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United States of America, Honduras, Central America, Monroe Doctrine, Mexico, Nicaragua, reform, dollars vs bullets, diplomacy


The document is a copy of a typed article from the Washington Post concerning the best form of diplomacy for the Americas, whether it is military or monetary, and the intent of the Monroe Doctrine.




Francis Mairs Huntington-Wilson

Corresponds to:

Folder 1-13, Document 6


Washington, D.C.



From the Washington Post, January 25, 1911.

Dollars Vs. Bullets.

The Peculiar importance attaching to the ratification of the convention recently signed between the United States and Honduras lies in the fact that it squarely raises the issue whether or not the American government can have a policy of good constructive work in relation to the neighboring republics of Central America and of the Caribbean Sea, a zone in which the geographical and commercial circumstances and the future of the Panama Canal give to the United States a special position.

So far as Central America is concerned, the proper policy of the United States is there crystalized also by the obligations which it assumed by becoming a moral party to the Washington Conventions of 1907, whereby, among other things, the neutrality of Honduras and non-interference therewith by the neighboring republics were guaranteed.

The Monroe Doctrine, under its modern interpretation, does not compel the United States by any means to protect extravagant and improvident governments from the just claims of European or other creditors. But when an American republic is on the brink of bankruptcy, no friendlier or politically wiser action could be taken by the United States than to seek, through the instrumentalities of American capital, by one stroke to remove all question of European intervention, and at the same time to start the country concerned upon the road to progress, peace, and prosperity.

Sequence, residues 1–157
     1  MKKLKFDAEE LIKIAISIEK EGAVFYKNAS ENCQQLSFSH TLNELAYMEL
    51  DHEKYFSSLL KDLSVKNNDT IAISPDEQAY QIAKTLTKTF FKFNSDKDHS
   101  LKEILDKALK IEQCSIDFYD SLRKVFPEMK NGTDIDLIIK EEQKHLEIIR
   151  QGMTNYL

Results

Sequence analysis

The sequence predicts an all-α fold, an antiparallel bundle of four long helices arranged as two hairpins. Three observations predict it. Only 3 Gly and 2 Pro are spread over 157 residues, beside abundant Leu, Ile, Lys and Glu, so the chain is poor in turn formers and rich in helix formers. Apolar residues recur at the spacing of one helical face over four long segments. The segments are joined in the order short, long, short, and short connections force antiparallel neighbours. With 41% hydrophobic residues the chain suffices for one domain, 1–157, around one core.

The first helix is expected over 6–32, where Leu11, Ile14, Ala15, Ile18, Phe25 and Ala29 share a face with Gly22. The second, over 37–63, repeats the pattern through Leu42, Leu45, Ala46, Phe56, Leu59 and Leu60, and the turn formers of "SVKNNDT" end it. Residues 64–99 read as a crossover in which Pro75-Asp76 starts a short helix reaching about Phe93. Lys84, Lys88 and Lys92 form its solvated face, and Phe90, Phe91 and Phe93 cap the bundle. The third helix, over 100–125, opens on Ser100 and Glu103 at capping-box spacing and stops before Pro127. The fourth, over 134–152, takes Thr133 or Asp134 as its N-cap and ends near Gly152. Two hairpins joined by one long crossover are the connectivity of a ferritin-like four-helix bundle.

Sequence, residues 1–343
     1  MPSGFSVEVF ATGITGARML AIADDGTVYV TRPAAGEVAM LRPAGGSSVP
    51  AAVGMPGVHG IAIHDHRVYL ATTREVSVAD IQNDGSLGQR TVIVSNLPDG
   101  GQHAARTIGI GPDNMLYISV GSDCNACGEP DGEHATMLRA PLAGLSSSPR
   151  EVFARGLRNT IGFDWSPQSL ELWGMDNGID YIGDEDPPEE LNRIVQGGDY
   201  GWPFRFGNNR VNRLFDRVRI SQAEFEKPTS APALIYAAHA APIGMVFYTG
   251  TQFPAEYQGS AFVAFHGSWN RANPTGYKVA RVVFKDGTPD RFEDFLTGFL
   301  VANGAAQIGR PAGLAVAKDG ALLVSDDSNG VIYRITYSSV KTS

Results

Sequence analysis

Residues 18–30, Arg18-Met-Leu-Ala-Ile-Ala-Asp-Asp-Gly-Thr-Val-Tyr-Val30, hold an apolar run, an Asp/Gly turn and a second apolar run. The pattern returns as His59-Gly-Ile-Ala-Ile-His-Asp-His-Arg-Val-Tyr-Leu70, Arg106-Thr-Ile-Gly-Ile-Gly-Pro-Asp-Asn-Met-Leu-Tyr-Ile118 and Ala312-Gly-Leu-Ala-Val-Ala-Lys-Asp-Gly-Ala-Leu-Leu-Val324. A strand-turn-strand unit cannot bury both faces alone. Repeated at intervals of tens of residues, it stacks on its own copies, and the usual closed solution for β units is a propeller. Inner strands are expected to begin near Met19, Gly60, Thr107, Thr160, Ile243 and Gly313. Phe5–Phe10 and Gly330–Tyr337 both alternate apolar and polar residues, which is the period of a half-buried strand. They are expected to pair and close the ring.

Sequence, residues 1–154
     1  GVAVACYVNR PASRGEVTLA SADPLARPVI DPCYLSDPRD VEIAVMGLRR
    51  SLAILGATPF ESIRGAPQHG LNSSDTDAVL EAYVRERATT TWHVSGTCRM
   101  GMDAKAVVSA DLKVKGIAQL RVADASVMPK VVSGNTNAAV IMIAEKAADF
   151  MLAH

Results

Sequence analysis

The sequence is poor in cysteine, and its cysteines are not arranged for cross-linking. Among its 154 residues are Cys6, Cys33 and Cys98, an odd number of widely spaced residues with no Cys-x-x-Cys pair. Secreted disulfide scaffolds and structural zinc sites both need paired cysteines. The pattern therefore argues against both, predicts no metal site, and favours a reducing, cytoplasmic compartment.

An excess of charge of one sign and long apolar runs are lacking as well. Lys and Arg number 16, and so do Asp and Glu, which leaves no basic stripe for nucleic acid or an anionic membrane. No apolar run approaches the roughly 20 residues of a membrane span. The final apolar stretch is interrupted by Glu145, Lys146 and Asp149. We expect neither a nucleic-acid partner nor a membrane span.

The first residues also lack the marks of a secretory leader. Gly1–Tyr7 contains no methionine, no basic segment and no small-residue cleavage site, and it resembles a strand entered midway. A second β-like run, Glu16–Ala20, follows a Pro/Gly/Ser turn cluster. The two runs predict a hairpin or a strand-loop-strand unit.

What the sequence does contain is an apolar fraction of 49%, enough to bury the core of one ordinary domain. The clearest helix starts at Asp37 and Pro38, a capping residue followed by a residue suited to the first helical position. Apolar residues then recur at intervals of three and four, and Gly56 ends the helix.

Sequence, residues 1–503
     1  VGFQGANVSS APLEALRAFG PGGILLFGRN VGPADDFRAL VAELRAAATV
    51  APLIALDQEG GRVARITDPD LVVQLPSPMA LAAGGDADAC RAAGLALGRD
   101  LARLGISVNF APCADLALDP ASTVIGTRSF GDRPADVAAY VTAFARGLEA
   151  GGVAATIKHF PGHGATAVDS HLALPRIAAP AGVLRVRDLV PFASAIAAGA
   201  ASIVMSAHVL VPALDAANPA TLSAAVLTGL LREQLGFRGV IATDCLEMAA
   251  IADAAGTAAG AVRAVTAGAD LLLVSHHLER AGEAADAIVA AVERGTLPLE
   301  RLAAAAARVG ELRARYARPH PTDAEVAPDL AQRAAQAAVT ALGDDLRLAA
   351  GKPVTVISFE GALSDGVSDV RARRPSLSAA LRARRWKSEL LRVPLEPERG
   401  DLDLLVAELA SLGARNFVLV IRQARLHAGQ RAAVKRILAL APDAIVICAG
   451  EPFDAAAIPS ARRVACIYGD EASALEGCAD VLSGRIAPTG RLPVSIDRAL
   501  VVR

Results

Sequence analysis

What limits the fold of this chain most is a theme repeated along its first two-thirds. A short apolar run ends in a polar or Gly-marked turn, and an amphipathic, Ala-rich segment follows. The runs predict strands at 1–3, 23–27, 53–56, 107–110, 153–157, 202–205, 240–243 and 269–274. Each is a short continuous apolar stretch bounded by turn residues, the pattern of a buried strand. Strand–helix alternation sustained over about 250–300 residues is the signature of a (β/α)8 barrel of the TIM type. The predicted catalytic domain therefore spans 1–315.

For the greater part of a century the United States has been called upon with great frequency to help the weaker republics, especially of Central America and the Caribbean, out of their dif-

Post, 1, 25; 11 - 2.

ficulties. This was done successfully in the tutelage of Santo Domingo, the success of which is shown by statistics. The force of events has gradually rendered the United States almost responsible for the progressive and peaceful evolution of the region between the canal and Mexico, and probably no one could be so fatuous as to suppose that this Government could with any self respect or any regard for its plain duty sit by indifferently and see insurrection and chaos continue so often to prevail in these republics.

Their misfortunes are due almost invariably to the ambitions of a few politicians, and the customs revenue are the sinews of war. Financial and fiscal reform and honest customs administration are, therefore, the most practical bulwarks of strength. It is understood that the new government of Nicaragua has asked the good offices of the United States for the reform of its finances. Others are likely to follow.

Hence the bare issue presented by the question of the ratification of the Honduran convention is this: Are dollars or bullets the better instruments of reform? Can American capital be better used than along the line of a policy to build peace and prosperity in neighboring countries, which ask and expect the friendly aid of this Government?



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Article From the Washington Post, January 25, 1911



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